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A Day in the Life: Vincent Wei-cheng Wang, PhD, Dean of the College of Arts and Sciences

By Katie Farkas

In this column, The Delphian has been highlighting a different administrator at Adelphi University in each issue so that students get to know them better. We focus on what their administrative position is, their background and how they came to hold their current position.

Vincent Wei-cheng Wang, PhD, has been the dean of the College of Arts and Sciences since the fall of 2019. He said he is responsible for the “curriculum of the college, the recruitment, development and evaluation of faculty, and the welfare of our students and staff.”

Vincent Wei-cheng Wang, PhD, dean of Adelphi University’s College of Arts and Sciences Photo from Adelphi University website

One of the first things that he did when coming to Adelphi was work with the faculty to come up with a strategic plan for the college–something he said he’s proud of “because prior to that it had been many years since the college” had one. It was through working on the strategic plan that Wang said, “I learned a lot about the strengths, weaknesses and opportunities of the college. Our faculty are very conscientious and the few priorities they identified all have to do with students' educational opportunities.”

One of the main things that Wang is interested in as dean is creating opportunities to enhance student education.

“I think that we still have some room to grow in terms of providing students with undergraduate research opportunities, internship opportunities, study abroad opportunities and so on,” said Wang. “I am looking forward to working with our faculty, students and alumni to garner more resources. My goal is that we will be able to tell every incoming student to the College of Arts and Sciences to come to Adelphi because we will promise you at least one opportunity that will transform your life.”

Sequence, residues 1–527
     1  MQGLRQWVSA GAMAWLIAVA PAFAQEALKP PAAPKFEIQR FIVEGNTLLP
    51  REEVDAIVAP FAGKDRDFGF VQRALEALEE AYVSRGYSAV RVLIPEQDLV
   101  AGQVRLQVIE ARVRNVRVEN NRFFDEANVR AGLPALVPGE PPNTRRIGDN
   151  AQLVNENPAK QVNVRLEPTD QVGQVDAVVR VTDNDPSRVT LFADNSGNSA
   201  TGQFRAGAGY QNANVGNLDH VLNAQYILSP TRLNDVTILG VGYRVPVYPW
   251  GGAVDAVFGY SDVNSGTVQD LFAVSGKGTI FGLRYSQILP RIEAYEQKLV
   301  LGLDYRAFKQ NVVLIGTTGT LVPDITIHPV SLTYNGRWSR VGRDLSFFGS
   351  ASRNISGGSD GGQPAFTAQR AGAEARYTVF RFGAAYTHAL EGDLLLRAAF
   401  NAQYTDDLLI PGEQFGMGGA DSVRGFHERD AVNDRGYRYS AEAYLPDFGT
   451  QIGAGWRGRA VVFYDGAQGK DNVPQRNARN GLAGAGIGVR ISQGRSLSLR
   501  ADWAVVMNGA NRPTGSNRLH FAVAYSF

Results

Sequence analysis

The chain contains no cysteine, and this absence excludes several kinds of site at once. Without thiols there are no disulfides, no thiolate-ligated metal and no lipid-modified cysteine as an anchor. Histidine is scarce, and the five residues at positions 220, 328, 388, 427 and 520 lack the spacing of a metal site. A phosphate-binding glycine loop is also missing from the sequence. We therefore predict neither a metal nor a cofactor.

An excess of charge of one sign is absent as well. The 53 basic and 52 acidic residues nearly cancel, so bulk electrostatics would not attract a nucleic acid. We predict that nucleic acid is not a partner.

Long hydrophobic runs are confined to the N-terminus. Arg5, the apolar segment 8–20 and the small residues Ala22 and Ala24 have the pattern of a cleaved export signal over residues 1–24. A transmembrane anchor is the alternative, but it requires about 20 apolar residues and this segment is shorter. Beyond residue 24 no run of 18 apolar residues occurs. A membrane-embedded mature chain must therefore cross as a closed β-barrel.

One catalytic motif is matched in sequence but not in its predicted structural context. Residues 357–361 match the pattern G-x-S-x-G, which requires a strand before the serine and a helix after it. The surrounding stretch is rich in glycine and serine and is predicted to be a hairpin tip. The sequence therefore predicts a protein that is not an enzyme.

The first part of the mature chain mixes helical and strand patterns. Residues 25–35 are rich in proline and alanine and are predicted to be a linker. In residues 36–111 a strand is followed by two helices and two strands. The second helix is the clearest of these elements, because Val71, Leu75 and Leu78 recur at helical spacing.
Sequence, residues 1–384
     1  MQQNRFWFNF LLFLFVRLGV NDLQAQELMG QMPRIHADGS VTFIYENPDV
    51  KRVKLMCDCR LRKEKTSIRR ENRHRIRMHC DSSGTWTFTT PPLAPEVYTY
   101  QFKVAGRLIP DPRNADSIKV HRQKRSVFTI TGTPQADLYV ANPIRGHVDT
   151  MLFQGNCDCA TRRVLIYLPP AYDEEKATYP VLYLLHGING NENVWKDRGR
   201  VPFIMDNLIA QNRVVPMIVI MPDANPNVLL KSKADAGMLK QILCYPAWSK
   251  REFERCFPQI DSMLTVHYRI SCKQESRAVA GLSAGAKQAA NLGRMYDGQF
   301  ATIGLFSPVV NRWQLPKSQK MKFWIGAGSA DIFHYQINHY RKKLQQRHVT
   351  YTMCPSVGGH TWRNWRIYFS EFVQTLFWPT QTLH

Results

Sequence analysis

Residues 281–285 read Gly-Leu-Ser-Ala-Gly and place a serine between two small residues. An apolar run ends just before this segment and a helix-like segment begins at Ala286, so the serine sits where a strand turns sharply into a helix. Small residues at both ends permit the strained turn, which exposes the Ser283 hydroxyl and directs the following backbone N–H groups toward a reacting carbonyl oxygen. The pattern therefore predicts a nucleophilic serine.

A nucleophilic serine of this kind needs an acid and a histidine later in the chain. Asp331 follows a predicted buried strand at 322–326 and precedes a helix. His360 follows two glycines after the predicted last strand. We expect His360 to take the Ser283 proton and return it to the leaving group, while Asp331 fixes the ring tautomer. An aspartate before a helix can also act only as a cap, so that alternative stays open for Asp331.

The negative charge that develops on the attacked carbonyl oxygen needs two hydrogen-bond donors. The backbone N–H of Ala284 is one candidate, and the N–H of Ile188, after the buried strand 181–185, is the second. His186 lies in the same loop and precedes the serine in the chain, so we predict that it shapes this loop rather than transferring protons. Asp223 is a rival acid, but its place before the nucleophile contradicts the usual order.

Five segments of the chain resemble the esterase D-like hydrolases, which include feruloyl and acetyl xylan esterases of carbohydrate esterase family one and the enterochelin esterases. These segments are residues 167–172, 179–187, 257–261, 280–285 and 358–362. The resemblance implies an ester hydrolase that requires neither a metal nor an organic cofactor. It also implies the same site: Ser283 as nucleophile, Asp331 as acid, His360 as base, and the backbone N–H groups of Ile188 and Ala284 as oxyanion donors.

The process of creating and then implementing this strategic plan was also one of Wang’s favorite memories. “ I think it really symbolized a process from the bottom up. It’s very democratic, it’s very inclusive and it included many thoughtful conversations,” he said.

Wang was a first generation student, political science major and earned a doctorate from the University of Chicago in 1995. One of his favorite classes was music appreciation, which he took while waiting to defend his dissertation. But one of the most useful classes he took and would recommend to every undergraduate student was microeconomics.

“I say to every undergraduate student while in college you should take a course in microeconomics because it's a basic, fundamental way of thinking,” he said. “It involves how to achieve your goal within the limit of resources.”

Along with taking a microeconomics class, Wang talked about the importance of making the most of your years in college.

“College is a time, not only for a degree, but also for an education. Lots of people complete their various requirements and they get a bachelor's degree. But you want to discover who you are in college, what excites you, what makes you passionate, what can sustain your interests for a lifetime,” Wang advised.